Other notables on the retainer list included the wife of Syria’s President Bashar al-Assad, Asma, who wound her way into Bell’s portfolio in 2006 desperate to join other first ladies and female leaders who had sought the services of the firm. “She wanted to be part of that club,” mused Bell in an interview with the New York Times. Something obviously worked: Mrs Assad was subsequently celebrated in the Huffington Post for her “All-Natural Beauty”; praised in French Elle as one of the world’s best-dressed women in politics; and dreamily described by Paris Match as the “eastern Diana” with an “element of light in a country full of shadow zones”.
Military despots such as Chile’s Augusto Pinochet could also count on his services. In 1998, Bell assisted the Pinochet Foundation in mounting a vigorous campaign to frustrate efforts to extradite the General to Spain on charges of murder and torture.
South Africa proved a particularly happy hunting ground. Former SA president FW de Klerk was counted as a client, as was the troubled athlete Oscar Pistorius. But it was also South Africa that would prove the firm’s undoing. Unfortunately for Bell and business partner Piers Pottinger, their clients, the Gupta family, proved a hard, and ultimately fatal sell. Ajay, Tony and Atul Gupta had reaped the rewards of a rich relationship with President Jacob G. Zuma, one that yielded contracts in mining, railways and armaments. But the brothers felt that a distraction from the activities of their holding company, Oakbay Investments, was needed.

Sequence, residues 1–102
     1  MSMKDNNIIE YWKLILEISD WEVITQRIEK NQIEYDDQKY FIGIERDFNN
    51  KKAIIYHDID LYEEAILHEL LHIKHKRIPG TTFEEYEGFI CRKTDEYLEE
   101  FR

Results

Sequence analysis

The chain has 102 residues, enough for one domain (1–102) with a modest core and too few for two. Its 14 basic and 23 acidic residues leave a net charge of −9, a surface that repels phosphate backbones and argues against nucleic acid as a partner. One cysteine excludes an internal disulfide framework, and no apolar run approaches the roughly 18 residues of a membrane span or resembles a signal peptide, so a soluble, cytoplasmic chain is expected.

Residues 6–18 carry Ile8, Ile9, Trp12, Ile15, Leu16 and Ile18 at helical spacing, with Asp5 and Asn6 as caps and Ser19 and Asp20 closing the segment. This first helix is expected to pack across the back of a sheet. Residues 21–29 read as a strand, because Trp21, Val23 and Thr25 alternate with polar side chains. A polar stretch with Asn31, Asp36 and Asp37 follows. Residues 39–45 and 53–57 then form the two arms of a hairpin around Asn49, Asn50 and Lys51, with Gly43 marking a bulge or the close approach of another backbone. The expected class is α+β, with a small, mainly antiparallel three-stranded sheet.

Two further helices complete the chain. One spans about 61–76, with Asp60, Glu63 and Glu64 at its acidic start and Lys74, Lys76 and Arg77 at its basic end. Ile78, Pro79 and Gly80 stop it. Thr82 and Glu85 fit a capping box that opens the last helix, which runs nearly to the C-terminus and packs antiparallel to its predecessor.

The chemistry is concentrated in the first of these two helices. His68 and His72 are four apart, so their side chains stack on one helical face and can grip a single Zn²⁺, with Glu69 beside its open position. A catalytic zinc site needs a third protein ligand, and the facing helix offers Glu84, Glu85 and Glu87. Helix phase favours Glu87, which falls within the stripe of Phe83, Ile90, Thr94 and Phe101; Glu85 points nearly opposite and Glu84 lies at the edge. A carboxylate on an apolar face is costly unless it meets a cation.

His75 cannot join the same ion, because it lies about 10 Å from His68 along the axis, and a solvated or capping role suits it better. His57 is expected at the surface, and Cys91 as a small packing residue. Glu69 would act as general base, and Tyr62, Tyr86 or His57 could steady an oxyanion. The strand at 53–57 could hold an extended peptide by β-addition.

Bell Pottinger were then slotted into the picture to confect something appropriate at the monthly cost of $130,000 over a three-month trial period. Local and community black activism was to be encouraged – not in itself a bad thing. The catch was crude but simple: the Guptas’ opponents were to be branded as sponsors of a racist system. The narrative of “white monopoly capital” was pushed through social media and websites (Bell called the theme one of “economic emancipation”), suggesting that white South Africans were on a rampage seizing resources at the expense of education and jobs for blacks.
Stoking racial tensions in South Africa did not go down well, and the company was expelled from the UKs Public Relations and Communications Association (PRCA). An exodus of clients duly led to the company going into administration. The damage had been done. “Bell Pottinger,” lamented Francis Ingham, director general of the PRCA, “may have set back race relations in South Africa by as much as 10 years.” Bell was by that point out of the picture, the victim of a boardroom bloodbath engineered by fellow publicist James Henderson.
Business partner Piers Pottinger offers the usual sweet snippets to cover a well accomplished rogue dedicated to his clients. “He was a devoted family man and passionate supporter of the Conservative Party, most famously helping Margaret Thatcher win three general elections.” Naturally, he was “an inspiration” for those who worked for him. “Most importantly to me, he was always a true and loyal friend. Nobody can replace him.”
Perhaps not Bell, but certainly facsimiles of him, who operate with morally bankrupt impunity in London, a city famed for being a hive of reputational laundering. Despots and unsavoury regimes are queueing for services in numbers and will have much to thank Lord Bell for. After all, he saw good P.R. not merely as a service but an inherent right on par with legal representation.
Dr. Binoy Kampmark was a Commonwealth Scholar at Selwyn College, Cambridge. He lectures at RMIT University, Melbourne. Email: firstname.lastname@example.org